San Diego Poetry Guild

notes on guild, poetry, and San Diego


Some Small Change from Exchange on Circulars

Reading and much intrigued (puzzled, jostled) by Brian Kim Stefans and Darren Wershler-Henry's now "final" exchange, especially picking up in the middle where the two discuss personal and multiple author blogs, as well as optimal styles for blogging. Here are some excerpts, with glosses, for what it's worth. I suppose comments should go in the Free Space Comix comments window, but I'm thinking this might be a bit too much text (and maybe too redundant) for that. Brian, if you read this, let me know if otherwise.

DWL: "...the coalition model: a decent weblog NEEDS multiple authors to work even in the short term.... There's nothing *wrong* with personal weblogs, but, like reality TV, they get awfully thin over time. Even when the current search technologies adapt to spider the extra text that blogging has created, the problem of anemic content isn't going to go away unless we start doing more collective writing online. The problem is partly a need for education; most writers are still in the process of learning how to use the web to best advantage."

Two related "problems" here, of "anemic content" and "a need for education." Problems that might have more to do with "discipline," as discussed below, than blogging or the web per se. Is one problem (anemia) necessarily the result of or even related to the other (education)? I'm not sure, but I also shrink a bit from claims re the use of the web "to best advantage." Whose advantage?

BKS: "I'm not sure that it's necessary for a blog to be multi-authored; what it really needs is a mandate, and it's possible that, were the mandate simply to produce rich, incantatory prose -- imagine the Marcel Proust blog -- a highly disciplined approach could work."

Mandate and disciplined approach -- a good template for blog building, no doubt, with sites like Circulars offering compelling evidence in support. I agree generally that the blog adrift may not work as well as the one that tries to steer into the wind, on some course, but what guides the mandate? Re above, it's true that any blog or reality TV show can get "thin over time," but I wonder if an interest in *thickness* might preclude a different kind or set of mandates whose endgames, as personal or multi-authored efforts, vary from the journalistic reach of some.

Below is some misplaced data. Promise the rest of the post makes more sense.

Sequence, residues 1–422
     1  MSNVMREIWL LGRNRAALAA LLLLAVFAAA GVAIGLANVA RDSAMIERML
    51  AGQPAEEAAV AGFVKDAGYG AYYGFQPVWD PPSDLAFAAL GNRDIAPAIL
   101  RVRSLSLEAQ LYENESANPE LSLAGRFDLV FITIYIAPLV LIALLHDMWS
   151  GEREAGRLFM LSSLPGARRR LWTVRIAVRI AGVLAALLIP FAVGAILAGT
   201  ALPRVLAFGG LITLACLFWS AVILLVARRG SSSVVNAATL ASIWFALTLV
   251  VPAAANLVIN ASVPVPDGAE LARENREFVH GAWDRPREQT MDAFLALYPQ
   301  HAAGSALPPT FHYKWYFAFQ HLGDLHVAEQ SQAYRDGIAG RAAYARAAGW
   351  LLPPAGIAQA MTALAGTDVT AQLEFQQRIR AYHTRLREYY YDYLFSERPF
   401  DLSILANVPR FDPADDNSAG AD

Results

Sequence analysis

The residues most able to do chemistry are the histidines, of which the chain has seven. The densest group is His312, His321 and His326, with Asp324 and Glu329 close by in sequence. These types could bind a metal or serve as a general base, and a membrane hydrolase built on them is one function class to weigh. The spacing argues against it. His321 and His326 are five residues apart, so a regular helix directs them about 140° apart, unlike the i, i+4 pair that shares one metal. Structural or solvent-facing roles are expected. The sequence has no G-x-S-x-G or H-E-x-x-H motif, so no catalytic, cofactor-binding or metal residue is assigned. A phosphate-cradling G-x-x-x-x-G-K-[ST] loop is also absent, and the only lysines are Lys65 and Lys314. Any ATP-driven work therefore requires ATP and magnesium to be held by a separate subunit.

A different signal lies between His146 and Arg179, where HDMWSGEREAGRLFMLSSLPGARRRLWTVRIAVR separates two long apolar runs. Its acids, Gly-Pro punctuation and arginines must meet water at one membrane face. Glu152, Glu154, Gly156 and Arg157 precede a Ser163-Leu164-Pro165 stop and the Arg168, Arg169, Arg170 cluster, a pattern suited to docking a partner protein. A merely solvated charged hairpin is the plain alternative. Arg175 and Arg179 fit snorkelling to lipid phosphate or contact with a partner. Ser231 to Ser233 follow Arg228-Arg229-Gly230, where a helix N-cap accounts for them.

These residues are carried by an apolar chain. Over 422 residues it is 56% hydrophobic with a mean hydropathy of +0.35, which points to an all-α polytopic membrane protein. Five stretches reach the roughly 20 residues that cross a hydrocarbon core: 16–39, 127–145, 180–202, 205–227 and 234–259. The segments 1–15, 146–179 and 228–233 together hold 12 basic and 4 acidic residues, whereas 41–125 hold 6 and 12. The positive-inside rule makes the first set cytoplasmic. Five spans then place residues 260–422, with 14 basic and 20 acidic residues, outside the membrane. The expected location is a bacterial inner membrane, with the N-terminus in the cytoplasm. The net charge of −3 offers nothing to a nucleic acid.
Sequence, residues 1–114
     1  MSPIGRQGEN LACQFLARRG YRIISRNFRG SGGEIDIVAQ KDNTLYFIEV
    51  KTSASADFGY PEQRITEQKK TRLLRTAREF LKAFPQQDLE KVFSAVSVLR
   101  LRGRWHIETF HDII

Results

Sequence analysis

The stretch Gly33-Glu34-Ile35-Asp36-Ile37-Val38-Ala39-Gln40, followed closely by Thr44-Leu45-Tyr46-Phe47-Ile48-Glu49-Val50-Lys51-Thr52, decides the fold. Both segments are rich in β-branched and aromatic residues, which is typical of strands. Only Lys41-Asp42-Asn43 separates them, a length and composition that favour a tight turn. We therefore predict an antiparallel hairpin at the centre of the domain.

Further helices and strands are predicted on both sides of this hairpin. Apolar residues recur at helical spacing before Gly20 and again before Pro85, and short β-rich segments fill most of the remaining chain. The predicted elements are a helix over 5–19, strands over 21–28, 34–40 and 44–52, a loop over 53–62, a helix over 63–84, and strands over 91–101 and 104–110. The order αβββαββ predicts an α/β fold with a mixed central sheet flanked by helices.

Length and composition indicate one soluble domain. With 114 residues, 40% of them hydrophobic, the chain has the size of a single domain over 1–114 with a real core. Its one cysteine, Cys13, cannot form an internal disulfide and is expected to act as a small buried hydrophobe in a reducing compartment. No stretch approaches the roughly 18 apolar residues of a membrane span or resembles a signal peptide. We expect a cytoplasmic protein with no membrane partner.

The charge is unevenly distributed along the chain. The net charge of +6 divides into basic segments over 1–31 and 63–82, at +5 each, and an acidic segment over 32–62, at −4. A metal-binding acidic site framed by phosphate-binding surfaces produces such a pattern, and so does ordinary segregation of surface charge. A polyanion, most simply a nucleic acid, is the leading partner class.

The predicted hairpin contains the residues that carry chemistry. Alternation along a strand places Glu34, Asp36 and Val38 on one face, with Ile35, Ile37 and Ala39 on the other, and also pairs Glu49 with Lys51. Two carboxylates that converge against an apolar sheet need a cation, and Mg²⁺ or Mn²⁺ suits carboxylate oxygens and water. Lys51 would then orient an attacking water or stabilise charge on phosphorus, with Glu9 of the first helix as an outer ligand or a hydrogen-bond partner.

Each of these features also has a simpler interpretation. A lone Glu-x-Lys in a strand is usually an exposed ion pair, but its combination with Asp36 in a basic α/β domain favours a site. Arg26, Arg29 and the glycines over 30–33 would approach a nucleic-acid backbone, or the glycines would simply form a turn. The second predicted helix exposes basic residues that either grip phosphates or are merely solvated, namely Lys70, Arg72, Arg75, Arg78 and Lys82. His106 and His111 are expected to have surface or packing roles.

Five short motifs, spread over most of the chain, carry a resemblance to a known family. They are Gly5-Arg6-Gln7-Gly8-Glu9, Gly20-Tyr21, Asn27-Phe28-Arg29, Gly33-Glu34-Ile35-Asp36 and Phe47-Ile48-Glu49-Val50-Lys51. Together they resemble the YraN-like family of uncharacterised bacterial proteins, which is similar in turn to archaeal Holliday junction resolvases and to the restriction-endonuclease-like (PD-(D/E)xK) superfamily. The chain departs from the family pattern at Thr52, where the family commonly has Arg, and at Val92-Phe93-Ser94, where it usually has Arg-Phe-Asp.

BKS: "...the individual voice is sharpened by an informed sense of the social arena in which it will resonate (in which the message will ultimately become dulled)."

Exactly -- my suspicion is that there are few if any truly "personal" blogs. A bad analogy, but sort of like rain drops always adding up to rain.

BKS: "...Perhaps the model blog is that which responds to the formal issues of other blogs as if they were social issues....

A stellar mandate (or template for how to envision one) and maybe matches up somewhat with the idea of the "blog approach" (in a field report below). The shape of that response may not be so obvious or overt (maybe doesn't need to be), but I think the "response" (even when implicit) is precisely what prevents the ostensibly "personal" blog from being, in fact, limited to the personal. Nonetheless, being clear about that in one's approach is I think what BKS means by a "mandate."

DWL: "...Endless streams of novelistic prose, no matter how incantatory, are *not* what I want to read online."

DWL rephrases BKS's "rich, incantatory prose" as "novelistic prose," I guess to absorb the Proust example, but are they the same thing? Maybe a minor point, but since "prose" is such a big deal in blogging, maybe not.

DWL: "...I think that the paragraph-as-"post" is the optimal unit of online composition, and that an optimal online style would be some sort of hybrid of prose poetry and healthy geek cynicism.... But I think I see your point, that it's possible for one writer to produce the kind of dialogic multiplicity that could sustain a blog. There is, however, a large difference between 'possible' and 'likely.'"

Some hefty statements here that need sorting out. Yes, prose, if not novelistic prose. Paragraph-as-"post" as "optimal" unit of composition -- a paragraph, I assume (i.e., not a series, which might lean toward the novelistic?), like the paragraphs assembled in this exchange? A "hybrid" of prose poetry and geek cynicism could, I imagine, be "incantatory," and I keep using this word not to deconstruct the language but because I like incantatory prose, online or off, and I see real hope for new blog forms in some resolution of this prose/poetry/novelistic/incantatory quandary (Sawako's Texture Notes may be moving in the right direction.)

Otherwise, "dialogic multiplicity" of the sort DWL seems to favor probably does, in the end, require multiple heads in the post window, but again there are other ways to sustain a blog and no shortage of reasons why one approach, collective or personal, should be lauded as inherently more sustainable (not necessarily what's being argued here, but a risk all the same).

There's a lot more to this exchange and my responses are cursory. Now off with you to get the full story.


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